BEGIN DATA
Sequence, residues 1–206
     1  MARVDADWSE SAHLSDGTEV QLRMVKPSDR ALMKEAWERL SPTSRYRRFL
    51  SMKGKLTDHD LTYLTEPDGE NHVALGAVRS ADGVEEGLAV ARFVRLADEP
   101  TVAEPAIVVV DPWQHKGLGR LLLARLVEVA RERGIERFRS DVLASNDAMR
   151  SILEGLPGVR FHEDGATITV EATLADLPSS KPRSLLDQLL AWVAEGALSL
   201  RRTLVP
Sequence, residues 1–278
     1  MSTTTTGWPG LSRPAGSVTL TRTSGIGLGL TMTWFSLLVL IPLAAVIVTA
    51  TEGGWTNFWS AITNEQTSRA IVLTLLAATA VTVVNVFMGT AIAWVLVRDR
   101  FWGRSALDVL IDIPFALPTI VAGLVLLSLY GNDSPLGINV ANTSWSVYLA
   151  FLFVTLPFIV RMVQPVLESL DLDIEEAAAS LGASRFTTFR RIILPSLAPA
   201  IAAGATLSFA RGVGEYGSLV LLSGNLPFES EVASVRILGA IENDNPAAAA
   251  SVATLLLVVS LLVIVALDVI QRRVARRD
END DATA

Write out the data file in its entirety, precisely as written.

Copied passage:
Sequence, residues 1–206
     1  MARVDADWSE SAHLSDGTEV QLRMVKPSDR ALMKEAWERL SPTSRYRRFL
    51  SMKGKLTDHD LTYLTEPDGE NHVALGAVRS ADGVEEGLAV ARFVRLADEP
   101  TVAEPAIVVV DPWQHKGLGR LLLARLVEVA RERGIERFRS DVLASNDAMR
   151  SILEGLPGVR FHEDGATITV EATLADLPSS KPRSLLDQLL AWVAEGALSL
   201  RRTLVP
Sequence, residues 1–278
     1  MSTTTTGWPG LSRPAGSVTL TRTSGIGLGL TMTWFSLLVL IPLAAVIVTA
    51  TEGGWTNFWS AITNEQTSRA IVLTLLAATA VTVVNVFMGT AIAWVLVRDR
   101  FWGRSALDVL IDIPFALPTI VAGLVLLSLY GNDSPLGINV ANTSWSVYLA
   151  FLFVTLPFIV RMVQPVLESL DLDIEEAAAS LGASRFTTFR RIILPSLAPA
   201  IAAGATLSFA RGVGEYGSLV LLSGNLPFES EVASVRILGA IENDNPAAAA
   251  SVATLLLVVS LLVIVALDVI QRRVARRD